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Wednesday June 25, 2014 MYT 5:51:10 AM
Wednesday June 25, 2014 MYT 5:52:31 AM
by michelle nichols
UNITED NATIONS (Reuters) - About 20,000 people are trapped in 16 minority communities in Central African Republic because "if they leave, they may be attacked before they reach safety," said the top U.N. official in the country, which has been racked by sectarian violence.
Seleka rebels, who are mainly Muslim, seized power in Central African Republic more than a year ago and perpetrated abuses on the majority Christian population that triggered waves of revenge attacks, leading to thousands of deaths and forcing about a million people to flee their homes.
United Nations envoy to the Central African Republic, retired Lieutenant General Babacar Gaye of Senegal, told the U.N. Security Council on Tuesday that the few Muslim communities left in the capital, Bangui, remain largely confined to their neighborhoods.
"They are encircled by anti-balaka (Christian militia) who are not only preventing people from leaving but are also cutting off food and medical supplies," Gaye told the 15-member council.
"There are reports of anti-balaka targeting non Muslim individuals who are believed to be helping Muslim populations through the provision of supplies or services," he said. "Elements of the Central African Armed Forces are involved in many of these incidents alongside the anti-balaka."
U.N. officials have warned that the conflict between Muslims and Christians could spiral into genocide. Gaye said the transitional government formed in January - after the Seleka gave up power under international pressure - is trying to run the country without its own security forces and financial means.
More than 50 people have been killed in two days of clashes, witnesses and officials said on Tuesday, with foreign troops struggling to stop the fighting.
Central African Republic's minister of health and humanitarian action, Marguerite Samba, told the Security Council that the ongoing crisis in the landlocked, impoverished former French colony is not sectarian.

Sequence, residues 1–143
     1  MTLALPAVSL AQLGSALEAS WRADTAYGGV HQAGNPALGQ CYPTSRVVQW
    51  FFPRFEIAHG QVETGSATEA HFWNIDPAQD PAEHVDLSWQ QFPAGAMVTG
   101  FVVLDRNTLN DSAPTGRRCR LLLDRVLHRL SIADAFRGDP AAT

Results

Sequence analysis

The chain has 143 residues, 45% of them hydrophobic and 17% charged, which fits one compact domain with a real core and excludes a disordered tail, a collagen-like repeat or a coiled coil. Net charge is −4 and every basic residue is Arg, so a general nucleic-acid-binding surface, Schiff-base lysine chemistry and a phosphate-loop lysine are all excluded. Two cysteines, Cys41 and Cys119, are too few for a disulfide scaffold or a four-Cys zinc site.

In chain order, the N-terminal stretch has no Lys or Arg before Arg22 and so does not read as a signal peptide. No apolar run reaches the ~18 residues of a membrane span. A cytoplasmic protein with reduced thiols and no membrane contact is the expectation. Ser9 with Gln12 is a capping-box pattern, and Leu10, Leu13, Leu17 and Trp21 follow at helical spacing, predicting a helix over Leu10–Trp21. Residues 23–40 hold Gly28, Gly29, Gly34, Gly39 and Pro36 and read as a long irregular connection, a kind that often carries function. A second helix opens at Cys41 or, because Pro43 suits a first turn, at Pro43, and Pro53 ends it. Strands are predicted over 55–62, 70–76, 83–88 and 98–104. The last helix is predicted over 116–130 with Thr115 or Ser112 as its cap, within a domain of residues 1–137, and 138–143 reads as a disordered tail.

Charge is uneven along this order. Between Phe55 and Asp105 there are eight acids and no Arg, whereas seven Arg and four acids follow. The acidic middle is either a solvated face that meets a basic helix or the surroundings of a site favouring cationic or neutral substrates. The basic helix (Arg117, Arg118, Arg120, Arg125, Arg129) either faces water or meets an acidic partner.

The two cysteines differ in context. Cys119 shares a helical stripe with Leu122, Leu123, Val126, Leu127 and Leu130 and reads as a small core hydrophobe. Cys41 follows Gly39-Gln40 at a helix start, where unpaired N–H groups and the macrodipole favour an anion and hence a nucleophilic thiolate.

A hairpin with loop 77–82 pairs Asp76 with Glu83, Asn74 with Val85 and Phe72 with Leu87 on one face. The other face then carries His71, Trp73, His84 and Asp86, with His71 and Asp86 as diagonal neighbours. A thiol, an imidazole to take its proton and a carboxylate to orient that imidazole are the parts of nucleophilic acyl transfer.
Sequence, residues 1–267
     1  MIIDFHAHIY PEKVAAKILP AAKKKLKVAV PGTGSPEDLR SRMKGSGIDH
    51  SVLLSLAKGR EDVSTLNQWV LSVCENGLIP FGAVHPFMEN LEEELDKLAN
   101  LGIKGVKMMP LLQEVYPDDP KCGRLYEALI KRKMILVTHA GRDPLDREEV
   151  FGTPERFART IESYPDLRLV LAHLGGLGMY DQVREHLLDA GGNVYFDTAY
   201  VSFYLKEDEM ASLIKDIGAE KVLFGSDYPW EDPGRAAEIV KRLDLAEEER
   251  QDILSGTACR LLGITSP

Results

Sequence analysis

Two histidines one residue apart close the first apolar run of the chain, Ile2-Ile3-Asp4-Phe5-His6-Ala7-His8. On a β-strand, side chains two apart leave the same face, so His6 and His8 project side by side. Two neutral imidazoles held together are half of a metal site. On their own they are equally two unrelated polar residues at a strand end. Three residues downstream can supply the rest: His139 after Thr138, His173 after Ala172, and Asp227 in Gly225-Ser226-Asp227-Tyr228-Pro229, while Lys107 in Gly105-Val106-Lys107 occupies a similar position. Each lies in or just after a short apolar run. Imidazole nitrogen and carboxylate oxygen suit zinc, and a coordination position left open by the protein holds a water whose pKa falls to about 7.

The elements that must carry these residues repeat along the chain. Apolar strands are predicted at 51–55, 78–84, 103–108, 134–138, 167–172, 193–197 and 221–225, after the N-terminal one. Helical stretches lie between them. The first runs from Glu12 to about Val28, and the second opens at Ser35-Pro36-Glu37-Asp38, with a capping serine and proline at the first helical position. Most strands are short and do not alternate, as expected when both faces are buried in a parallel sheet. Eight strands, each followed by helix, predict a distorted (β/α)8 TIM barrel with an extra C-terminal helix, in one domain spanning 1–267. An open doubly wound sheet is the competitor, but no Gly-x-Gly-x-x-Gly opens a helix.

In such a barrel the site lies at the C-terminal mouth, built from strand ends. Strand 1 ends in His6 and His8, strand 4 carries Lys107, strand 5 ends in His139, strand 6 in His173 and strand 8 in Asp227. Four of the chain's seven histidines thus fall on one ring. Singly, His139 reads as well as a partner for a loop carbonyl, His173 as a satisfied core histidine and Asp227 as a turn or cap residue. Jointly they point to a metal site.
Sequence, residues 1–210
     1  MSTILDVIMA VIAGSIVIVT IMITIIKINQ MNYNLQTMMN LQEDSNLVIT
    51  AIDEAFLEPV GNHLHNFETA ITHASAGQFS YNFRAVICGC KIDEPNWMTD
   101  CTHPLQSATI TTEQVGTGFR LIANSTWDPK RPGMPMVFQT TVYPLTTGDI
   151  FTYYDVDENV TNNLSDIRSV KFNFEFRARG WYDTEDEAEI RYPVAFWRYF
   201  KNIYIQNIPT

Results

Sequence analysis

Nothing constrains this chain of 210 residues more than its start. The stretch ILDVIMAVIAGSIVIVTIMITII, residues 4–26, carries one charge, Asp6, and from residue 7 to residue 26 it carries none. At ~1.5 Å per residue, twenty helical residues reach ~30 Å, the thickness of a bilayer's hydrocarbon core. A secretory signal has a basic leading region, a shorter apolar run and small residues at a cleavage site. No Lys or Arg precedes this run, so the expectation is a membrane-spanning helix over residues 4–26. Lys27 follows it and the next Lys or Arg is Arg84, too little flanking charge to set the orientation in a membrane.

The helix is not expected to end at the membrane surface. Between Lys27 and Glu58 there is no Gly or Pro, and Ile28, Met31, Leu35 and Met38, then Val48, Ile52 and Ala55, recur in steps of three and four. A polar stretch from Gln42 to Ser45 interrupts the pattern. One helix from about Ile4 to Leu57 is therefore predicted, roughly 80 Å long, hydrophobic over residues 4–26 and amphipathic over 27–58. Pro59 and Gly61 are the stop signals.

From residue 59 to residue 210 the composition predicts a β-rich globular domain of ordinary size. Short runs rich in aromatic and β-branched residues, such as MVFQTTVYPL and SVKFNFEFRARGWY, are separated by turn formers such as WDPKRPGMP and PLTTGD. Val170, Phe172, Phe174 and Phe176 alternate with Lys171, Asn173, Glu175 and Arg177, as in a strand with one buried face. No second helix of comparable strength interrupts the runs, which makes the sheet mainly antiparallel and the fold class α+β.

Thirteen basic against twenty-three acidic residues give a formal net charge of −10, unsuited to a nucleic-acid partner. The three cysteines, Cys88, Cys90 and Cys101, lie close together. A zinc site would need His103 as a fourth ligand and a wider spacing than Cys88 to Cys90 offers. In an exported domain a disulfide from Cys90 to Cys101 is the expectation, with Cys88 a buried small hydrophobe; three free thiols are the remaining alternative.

"It began as a community problem and the sectarian issue was a result of political manipulation. This should be stressed here. It is also the product of a negative role played by the media both on the national and international level," she said.
The violence has continued despite the presence of 2,000 French troops and some 6,000 African Union forces. In April, the U.N. Security Council authorized a U.N. peacekeeping force of up to 10,000 troops and 1,800 police, which is due to assume authority in September.
"The protection needs in the country are enormous," Gaye said. "Violations of human rights and international humanitarian law continue to be committed by all armed groups and civilians with weapons with impunity."
He added that the political elite is deeply divided and that there is a high level of antagonism and distrust among politicians and between communities. "This does not bode well for the holding of credible elections early next year," Gaye said.
(Reporting by Michelle Nichols; Editing by Peter Galloway)
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